One of the more fascinating sports questions during these strange times is how will the cancelation or delay or certain events, especially those of the non-annual kind such as the Tokyo Olympics moving to 2021, affect the athletes who were set to participate in them.
For example, to look not too far away from Chelsea, how will the postponement of Euro 2020 to next summer affect the participation of Olivier Giroud? That tournament defined the 33-year-old’s plans, hopes, and desires for the past 6-9 months and were the singular motivating factor for his January (non-)transfer saga. He was set to play a key role in France trying to do a World Cup and Euro double, but that might not happen now even if France head coach Didier Deschamps stubbornly sticks to his guns.
The situation is more drastic in other fields and disciplines. The Summer Olympics only comes around every four years, for example, and its men’s football tournament is usually restricted to players 23 and under. It may not be the most prestigious football tournament, but to many, it’s not far behind the World Cup or the various continental championships — and the window to participate in this one is much more limited.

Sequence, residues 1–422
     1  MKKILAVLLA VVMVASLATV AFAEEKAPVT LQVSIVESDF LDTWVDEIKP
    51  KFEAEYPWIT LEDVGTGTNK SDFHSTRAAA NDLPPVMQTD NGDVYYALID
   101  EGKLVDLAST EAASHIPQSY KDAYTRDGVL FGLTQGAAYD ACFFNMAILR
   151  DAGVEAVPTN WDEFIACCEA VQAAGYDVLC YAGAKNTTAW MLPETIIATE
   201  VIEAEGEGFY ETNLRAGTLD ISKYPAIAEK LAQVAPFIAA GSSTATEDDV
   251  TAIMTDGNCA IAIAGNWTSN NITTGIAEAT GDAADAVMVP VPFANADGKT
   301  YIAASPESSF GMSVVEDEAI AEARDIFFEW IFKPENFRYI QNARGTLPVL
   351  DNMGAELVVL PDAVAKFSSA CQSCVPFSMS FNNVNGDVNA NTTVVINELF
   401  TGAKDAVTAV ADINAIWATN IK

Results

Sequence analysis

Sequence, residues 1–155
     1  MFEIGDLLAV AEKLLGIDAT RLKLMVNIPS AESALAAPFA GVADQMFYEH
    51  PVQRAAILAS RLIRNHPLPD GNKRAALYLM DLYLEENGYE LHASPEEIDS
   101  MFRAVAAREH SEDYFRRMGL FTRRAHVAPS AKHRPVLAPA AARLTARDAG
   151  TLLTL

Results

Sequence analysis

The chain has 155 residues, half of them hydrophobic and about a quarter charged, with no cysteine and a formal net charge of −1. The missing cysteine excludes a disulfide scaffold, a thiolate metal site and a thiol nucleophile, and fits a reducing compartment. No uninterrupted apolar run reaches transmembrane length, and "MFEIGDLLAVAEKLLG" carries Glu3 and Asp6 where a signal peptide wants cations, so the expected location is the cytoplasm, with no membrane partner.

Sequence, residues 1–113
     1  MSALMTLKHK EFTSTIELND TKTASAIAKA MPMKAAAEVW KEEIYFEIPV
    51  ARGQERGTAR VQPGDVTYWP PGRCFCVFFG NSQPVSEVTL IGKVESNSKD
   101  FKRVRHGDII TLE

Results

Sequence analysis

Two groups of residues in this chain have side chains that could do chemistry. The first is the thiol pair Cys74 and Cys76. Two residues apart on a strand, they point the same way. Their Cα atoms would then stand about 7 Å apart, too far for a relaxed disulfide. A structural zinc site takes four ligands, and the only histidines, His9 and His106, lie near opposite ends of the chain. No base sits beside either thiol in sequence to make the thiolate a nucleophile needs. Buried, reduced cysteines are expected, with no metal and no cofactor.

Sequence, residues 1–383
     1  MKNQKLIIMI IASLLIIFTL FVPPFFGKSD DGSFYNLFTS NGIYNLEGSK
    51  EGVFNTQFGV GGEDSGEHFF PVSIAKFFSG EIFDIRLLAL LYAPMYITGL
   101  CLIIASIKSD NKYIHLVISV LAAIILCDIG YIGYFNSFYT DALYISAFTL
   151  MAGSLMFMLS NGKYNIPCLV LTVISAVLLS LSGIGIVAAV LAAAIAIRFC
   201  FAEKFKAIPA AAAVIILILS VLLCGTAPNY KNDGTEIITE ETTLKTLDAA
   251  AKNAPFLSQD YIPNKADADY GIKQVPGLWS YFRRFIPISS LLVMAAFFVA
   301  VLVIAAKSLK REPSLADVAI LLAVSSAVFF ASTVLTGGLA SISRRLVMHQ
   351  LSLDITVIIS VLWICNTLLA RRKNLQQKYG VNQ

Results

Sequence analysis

In light of the extraordinary circumstances however, FIFA have therefore decided to extend the age limit by one year for next summer’s games, keeping the men’s tournament open to the same group of players as before, now defined as 24 and under (i.e. born 1997 or later) — though technically, there will now be an additional set of up and coming young players who could push those older ones. As before, three overage players will be allowed, which how Chelsea’s Mikel John Obi played in Rio for Nigeria in 2016.
England did not qualify for the Tokyo Olympics, which will rule out many potential Chelsea participants, but this will be welcome news to the players eligible for Argentina, Australia, Brazil, Egypt, France, Germany, Ivory Coast, Japan, New Zealand, Romania, Saudi Arabia, South Africa, South Korea, and Spain.